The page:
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How to Be Supportive to Someone with Hearing Loss

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While hearing loss is not uncommon, it is something that takes a huge toll on someone’s life. With over 35 million Americans suffering from hearing loss, it’s becoming more and more important to learn how to support these members of our communities.


For an individual experiencing hearing loss, it can bring on a wide range of emotions that are hard to juggle on top of already struggling in everyday tasks such as hearing the radio or fully understanding a conversation without asking someone to speak louder.


Hearing Loss Can Cause a Range of Emotions

For most of us, we tend to only think of older generations when we think about people experiencing hearing loss. However, people of all ages can experience hearing loss which means that people of all ages are struggling emotionally with this. For example, a child growing up with hearing aids may feel isolated because they have a special tool to help them hear that none of their classmates have. An older adult may start to feel depressed or anxious as they start to isolate themselves from social interactions as they become too taxing on their emotions.


The question then lays in how we can best support our neighbors, friends, and family who are experiencing hearing loss.


Here are some ways that we can lend a hand of support:


Get Your Own Hearing Checked

If a friend or family member has been told that they need to go see a hearing specialist, show support by not only going with them but also scheduling yourself a hearing test. Doing this together will show that they don’t need to feel isolated and you yourself will be able to get the exam you need to know where you’re at as well.


Practice Great Communication Skills

One way that we can ensure that we’re showing support to our friends and family with hearing loss is to be intentional about how we are communicating with them. While we understand that communicating with someone with hearing loss can be more of a challenge than to someone without, the benefits of this lay in knowing that you are giving each other the full attention you both deserve in the conversation. Here are some tips for better communication skills when talking to someone with hearing loss.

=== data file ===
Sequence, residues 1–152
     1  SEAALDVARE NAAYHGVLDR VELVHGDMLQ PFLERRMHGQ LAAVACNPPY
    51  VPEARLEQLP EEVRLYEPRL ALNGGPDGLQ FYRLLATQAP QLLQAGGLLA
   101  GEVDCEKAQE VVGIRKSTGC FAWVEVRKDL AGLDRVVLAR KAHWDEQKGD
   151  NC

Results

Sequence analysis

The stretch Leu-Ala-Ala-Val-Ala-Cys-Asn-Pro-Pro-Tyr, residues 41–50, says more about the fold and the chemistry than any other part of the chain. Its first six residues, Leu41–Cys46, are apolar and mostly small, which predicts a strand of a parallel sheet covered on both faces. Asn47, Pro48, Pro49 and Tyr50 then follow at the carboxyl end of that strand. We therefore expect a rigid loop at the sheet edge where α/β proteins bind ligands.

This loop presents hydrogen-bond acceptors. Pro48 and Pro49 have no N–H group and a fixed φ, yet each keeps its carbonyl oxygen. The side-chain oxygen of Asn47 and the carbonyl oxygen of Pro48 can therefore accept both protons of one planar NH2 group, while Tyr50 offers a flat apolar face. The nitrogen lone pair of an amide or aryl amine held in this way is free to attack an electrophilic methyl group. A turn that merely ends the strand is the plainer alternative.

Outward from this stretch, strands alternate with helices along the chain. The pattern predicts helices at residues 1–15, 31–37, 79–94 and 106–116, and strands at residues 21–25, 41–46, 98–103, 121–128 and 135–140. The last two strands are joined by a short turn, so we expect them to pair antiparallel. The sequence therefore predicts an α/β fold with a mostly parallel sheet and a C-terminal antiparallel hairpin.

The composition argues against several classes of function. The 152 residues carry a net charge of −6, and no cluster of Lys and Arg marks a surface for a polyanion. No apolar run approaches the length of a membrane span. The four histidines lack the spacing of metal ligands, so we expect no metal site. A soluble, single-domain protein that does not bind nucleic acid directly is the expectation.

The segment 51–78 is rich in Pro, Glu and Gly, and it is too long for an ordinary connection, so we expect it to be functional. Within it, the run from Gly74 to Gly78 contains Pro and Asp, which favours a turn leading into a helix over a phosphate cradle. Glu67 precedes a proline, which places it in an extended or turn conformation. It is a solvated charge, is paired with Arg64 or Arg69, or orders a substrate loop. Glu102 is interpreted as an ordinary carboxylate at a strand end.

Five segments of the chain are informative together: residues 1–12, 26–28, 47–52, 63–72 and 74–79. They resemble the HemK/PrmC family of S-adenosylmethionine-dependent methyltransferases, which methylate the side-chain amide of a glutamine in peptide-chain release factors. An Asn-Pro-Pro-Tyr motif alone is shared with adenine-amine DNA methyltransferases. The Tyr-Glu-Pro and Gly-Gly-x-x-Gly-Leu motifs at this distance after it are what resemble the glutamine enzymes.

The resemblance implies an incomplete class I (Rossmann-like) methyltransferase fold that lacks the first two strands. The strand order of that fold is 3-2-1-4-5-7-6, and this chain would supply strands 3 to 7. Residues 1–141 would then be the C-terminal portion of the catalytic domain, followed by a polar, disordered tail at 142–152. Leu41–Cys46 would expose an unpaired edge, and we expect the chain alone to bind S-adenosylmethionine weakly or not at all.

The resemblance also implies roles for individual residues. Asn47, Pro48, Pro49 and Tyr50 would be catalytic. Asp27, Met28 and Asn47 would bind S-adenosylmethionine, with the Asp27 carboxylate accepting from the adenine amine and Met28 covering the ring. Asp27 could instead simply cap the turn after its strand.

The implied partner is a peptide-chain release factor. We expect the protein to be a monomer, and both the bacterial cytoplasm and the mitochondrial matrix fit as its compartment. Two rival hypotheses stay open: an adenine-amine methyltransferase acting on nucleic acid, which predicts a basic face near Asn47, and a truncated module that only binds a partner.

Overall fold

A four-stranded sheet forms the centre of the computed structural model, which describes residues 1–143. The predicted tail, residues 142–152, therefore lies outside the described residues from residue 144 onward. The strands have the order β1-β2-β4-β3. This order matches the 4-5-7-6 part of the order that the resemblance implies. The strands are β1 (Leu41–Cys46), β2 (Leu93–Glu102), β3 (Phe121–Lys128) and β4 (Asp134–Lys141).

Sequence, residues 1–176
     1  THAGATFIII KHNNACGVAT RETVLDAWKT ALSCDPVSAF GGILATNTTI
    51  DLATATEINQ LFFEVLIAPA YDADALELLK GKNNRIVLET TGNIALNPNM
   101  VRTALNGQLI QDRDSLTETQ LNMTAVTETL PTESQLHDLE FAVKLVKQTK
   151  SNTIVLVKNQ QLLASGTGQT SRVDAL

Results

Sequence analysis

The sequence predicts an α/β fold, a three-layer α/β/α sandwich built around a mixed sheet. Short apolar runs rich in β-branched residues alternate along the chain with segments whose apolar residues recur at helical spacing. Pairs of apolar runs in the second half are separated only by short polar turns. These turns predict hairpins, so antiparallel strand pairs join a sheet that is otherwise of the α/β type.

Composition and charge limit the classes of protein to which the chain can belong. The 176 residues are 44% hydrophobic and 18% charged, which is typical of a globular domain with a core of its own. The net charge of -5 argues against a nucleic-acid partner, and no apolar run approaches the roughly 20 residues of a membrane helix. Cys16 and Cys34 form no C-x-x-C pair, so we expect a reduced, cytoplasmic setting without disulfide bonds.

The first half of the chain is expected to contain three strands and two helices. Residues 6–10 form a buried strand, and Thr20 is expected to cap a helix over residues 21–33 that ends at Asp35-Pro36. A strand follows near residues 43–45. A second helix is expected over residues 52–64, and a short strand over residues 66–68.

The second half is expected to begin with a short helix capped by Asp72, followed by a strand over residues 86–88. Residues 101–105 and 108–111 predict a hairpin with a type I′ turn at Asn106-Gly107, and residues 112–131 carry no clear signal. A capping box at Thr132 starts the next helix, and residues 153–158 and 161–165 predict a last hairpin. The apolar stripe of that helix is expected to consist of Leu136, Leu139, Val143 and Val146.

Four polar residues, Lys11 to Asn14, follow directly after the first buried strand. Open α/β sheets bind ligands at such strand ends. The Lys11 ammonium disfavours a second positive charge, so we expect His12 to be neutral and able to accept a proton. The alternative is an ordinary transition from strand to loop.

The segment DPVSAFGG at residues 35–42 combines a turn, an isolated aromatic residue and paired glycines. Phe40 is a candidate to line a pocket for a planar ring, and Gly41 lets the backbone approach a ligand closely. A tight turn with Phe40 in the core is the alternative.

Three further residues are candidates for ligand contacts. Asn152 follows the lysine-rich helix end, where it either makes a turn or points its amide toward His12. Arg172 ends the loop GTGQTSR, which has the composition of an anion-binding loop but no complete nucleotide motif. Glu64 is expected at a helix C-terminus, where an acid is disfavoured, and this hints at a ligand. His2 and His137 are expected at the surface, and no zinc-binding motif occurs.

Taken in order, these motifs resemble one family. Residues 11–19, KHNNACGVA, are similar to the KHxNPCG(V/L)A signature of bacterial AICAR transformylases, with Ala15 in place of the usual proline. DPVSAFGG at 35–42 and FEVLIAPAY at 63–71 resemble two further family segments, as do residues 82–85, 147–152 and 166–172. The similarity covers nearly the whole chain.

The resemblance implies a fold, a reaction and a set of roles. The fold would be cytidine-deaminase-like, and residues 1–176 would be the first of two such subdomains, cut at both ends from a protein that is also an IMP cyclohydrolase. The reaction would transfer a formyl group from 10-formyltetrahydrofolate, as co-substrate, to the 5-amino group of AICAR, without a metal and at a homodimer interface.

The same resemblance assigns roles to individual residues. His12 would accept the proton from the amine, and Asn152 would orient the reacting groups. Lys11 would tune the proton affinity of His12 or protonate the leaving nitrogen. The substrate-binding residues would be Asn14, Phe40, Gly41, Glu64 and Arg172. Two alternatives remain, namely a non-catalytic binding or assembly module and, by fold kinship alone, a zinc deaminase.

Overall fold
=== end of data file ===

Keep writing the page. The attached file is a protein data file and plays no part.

• Keep eye contact. This one may seem obvious but it makes a huge difference. This one guarantees that you’ll be facing them. By facing the person you’re talking to, they’ll be able to watch the way you’re moving your mouth and can piece together the motions with what they’re able to hear in order to better understand what you’re saying.

  • Keep your mouth uncovered. This one goes along with keeping eye contact. If they’re unable to see how your mouth is moving, it makes it harder to decode the sounds they’re unable to hear. Likewise, covering your mouth can add unnecessary muffle to the words you’re trying to communicate.

  • Rephrase, don’t repeat. If someone has asked you to repeat something they were unable to hear, try rephrasing it rather than repeating it. It’s likely that they’re unable to hear the sounds of the words you’re trying to say and attempting at a different way of communicating it can lead to better success of getting your point across.

  • Choose the best location possible. Conversing in a well lit and low background noise area leaves you with better chances of the other person understanding you than otherwise. If the lighting is too low they may not be able to read your lips and if there is too much background noise it may interfere with being able to hear anything you’re saying.

  • Stay positive and keep a sense of humor. It can be frustrating for both people when the conversation is unable to be understood. In order to not discourage the person trying to hear you and converse back, be the positive and humorous bit of encouragement that they need to know they’re still important and that they will get through this.


Listen and Understand

Just as when people lose any other part of their life, losing your hearing often comes with a grieving process. Sometimes the best way to support someone is to just listen and be there. Choosing to listen to their pains and struggles will help them feel less alone and know that they have someone there to help guide them through this new reality of life. Understanding the grieving process will help you to understand the mood shifts that can occur with your friend or family member experiencing hearing loss. These mood shifts can include anger, sadness, fear, denial, guilt, loneliness, and confusion. By understanding that these are a part of the process you can better let your friend or family member talk it out to you and be the person they’re needing in that moment.


Become an Advocate

One of the best ways you can show support to someone with hearing loss is to be their advocate. For example going to loud places such as restaurants or home dinner parties can be difficult for people with hearing loss. Choosing to be that person’s advocate would look like sitting next to them and filling them in on the punchline they may have missed or information they didn’t pick up on in the conversation. This goes miles with people as they know that there’s someone there to help them be a part of the conversation instead of feeling isolated and unable to understand in a group of people having fun.


Hearing loss is something that many people around us are experiencing. Let’s choose to support them in the best way possible. If you or a loved one are looking for the right place to schedule a hearing exam, we encourage you to visit Texan Renew Hearing Center. We want to take you by the hand and find the perfect treatment plan for you.